Solo Scandi goth genius
Kuolemanlaakso’s The Gothic Tapes – Vol 1 was released via Svart Records on August 26, 2016 and is reviewed by Paul ‘light the candles’ Castles
Kuolemanlaakso may be the kind of hotch-botch hand that would leave your nan struggling on Countdown but don’t let that deter you from exploring The Gothic Tapes Vol 1.
The band name actually translates as ‘Death Valley’ although this release is nowhere near as hostile as that bleak and barren badland . When Markus Laakso formed what was initially a solo venture in 2010 the sound was as thick and dark as some of the dense Finnish foliage that inspired many of the songs. The positive response was such that Laasko opted to expand his horizons, forming a full band unit with the addition of four like-minded individuals.
After three releases by Kuolemanlaakso with the full band, Laakso has wound the hands of the clock back to record this album himself, a decision at least in part possibly due to the band’s singer Mikko’s other commitments with Swallow The Sun. That said, Laakso was not without support, notably the band’s regular producer Viktor Santura (of Triptykon) also sharing guitar duties on the album.
While Kuolemanlaakso’s musical focus usually carrys segments of death metal and doom, as the title suggests The Gothic Tapes is more of a black lace and eyeliner package. The other sea change is that this offering is sung entirely in English, whereas previous Kuolemanlaakso work was recorded in their native Finnish.
When the opening grooves of this album kick in you’d be forgiven if you thought you were listening to Paradise Lost, as the first foray of grooves start to spread their wings. The vocals though show you that Kuolemanlaakso are no pale imitators. In fact the opening ‘Children of the Night’ is compulsively addictive with singer Laasko’s larynx much more like Pete Murphy (check out Bauhaus you young ‘uns) than Paradise Lost’s Nick Holmes.
Laasko’s voice on ‘Roll the Dice with the Devil’ is richer than a Red Velvet gateau and probably has more layers. This is an album that is very easy to embrace with sonic waves warmer than a hot water bottle.
The rhythms have an easy 80s bounce about them, keyboard intros straight from the hymn book of some of Depeche Mode’s darker work while the Sisters of Mercy influence on songs such as ‘Where the River Runs Dead’ is palpable. If nitpicking then the slightly fey chanted chorus ‘red dress white thighs’ is a little loose and perhaps conjures a few 80s reference points that are probably best left gathering dust at the bottom of the wardrobe.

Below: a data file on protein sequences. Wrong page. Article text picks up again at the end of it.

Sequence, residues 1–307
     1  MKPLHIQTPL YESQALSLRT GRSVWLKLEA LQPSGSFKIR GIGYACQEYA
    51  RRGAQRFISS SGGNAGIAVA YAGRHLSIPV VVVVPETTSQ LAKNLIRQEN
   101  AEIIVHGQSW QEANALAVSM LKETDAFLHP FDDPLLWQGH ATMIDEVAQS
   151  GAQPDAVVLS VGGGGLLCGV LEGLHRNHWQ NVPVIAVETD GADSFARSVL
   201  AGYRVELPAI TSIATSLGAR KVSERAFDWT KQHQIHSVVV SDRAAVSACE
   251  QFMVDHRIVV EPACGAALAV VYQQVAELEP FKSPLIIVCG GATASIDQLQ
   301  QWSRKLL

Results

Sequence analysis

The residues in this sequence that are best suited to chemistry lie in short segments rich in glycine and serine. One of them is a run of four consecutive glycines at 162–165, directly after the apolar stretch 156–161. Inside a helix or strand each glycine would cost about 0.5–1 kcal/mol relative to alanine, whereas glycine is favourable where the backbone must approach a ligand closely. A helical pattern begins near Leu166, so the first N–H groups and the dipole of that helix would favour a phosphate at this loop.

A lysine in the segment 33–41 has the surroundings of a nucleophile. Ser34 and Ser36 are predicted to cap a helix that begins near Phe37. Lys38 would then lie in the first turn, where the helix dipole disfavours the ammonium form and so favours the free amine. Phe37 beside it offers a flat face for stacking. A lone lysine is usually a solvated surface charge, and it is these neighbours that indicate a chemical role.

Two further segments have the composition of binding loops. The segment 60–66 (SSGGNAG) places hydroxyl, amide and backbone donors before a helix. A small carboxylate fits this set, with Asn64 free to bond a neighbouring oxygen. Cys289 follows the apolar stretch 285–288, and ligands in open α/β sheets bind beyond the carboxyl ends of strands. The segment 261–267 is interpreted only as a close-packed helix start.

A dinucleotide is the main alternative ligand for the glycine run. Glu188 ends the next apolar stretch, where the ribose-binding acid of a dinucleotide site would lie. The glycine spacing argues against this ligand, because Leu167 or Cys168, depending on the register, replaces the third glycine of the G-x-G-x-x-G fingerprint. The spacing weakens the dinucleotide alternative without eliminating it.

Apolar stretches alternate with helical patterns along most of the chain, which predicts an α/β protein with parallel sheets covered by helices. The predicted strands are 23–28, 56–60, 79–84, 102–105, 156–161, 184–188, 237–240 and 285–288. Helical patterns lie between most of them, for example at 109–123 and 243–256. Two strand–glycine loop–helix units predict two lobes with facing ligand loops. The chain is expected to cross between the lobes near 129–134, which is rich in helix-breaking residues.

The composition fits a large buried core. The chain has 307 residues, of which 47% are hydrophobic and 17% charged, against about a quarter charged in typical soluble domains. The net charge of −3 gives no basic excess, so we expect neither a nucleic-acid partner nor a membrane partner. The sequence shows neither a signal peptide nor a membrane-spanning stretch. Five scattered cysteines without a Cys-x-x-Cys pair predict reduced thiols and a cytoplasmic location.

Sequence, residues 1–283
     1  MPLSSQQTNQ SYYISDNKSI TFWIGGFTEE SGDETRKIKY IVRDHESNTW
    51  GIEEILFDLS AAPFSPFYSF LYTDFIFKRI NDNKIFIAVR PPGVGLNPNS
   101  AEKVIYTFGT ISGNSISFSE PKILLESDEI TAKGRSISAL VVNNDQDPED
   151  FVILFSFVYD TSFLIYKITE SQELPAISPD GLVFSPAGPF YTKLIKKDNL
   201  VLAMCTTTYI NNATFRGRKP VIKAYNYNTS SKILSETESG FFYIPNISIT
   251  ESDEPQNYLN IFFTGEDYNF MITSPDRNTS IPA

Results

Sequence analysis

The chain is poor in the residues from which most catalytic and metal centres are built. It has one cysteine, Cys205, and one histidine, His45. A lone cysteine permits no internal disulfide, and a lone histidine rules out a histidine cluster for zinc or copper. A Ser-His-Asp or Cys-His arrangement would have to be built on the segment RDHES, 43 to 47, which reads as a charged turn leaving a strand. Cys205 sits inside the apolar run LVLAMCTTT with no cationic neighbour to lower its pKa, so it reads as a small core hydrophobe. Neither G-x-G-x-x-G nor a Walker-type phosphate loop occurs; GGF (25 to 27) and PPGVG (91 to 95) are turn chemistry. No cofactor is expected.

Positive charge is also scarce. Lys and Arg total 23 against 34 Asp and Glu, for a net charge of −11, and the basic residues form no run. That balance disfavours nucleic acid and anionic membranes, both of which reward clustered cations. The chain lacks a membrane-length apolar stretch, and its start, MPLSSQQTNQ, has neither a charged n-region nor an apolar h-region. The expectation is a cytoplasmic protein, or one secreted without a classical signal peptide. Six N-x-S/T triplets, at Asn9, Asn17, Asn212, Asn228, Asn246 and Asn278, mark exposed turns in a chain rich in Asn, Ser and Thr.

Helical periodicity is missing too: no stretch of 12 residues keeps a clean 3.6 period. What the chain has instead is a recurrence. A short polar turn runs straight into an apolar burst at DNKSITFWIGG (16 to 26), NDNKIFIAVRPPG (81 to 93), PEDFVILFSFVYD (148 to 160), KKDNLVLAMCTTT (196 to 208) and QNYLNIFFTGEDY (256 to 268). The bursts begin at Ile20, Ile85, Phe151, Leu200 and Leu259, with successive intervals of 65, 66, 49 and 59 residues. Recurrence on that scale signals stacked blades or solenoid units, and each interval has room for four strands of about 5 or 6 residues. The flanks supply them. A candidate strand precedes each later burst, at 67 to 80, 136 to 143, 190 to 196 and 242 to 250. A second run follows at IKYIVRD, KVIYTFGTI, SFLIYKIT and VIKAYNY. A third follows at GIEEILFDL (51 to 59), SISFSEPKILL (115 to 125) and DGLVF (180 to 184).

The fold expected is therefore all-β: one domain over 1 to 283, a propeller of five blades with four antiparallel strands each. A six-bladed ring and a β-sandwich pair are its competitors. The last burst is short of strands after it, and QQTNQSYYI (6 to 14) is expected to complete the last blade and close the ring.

That is though one of the few criticisms of what is a vibrant gift from the Scandi goth gods. The tempo throughout is mid-paced and while the deep manly baritone envelopes every aspect of this release there are a few diversions with Helena Haaparanta of Crimfall fame contributing backing vocals on ‘The World’s Intolerable Pain’.
‘No Absolution’ has less of the Goth flavor and in fact is much blacker with the clean rich vocals replaced by a snarling bestial growl much more in keeping with what Kuolemanlaakso have been recognized for in the past. What follows on ‘Deeper Into the Unknown’ could scarcely be more of a contrast, the soft vocal tones of Haaparanta majestic in what is almost a lullaby, Laasko just contributing an almost cameo role, blink and you’ll miss him.
The album closes with the symphonic slowburner ‘My Last Words’, Laasko’s gruff vocals barely making the transition between speech and song, in fact very much like the great antipodean artist Nick Cave. Just before the midway point the dimensions shift as the desperate parting shot of ‘These are my last words so please here me now’ triggers an emotive explosion with riffs raining down like teardrops.
If we’re to assume that by labelling this album Volume I that there will be a Volume II, then that has to be a good thing.
8 out of 10
- Children of the Night
- Roll the Dice with the Devil
- Where the River Runs Red
- The World’s Intolerable Pain
- She Guides Me in My Dreams
- No Absolution
- Deeper into the Unknown
- My Last Words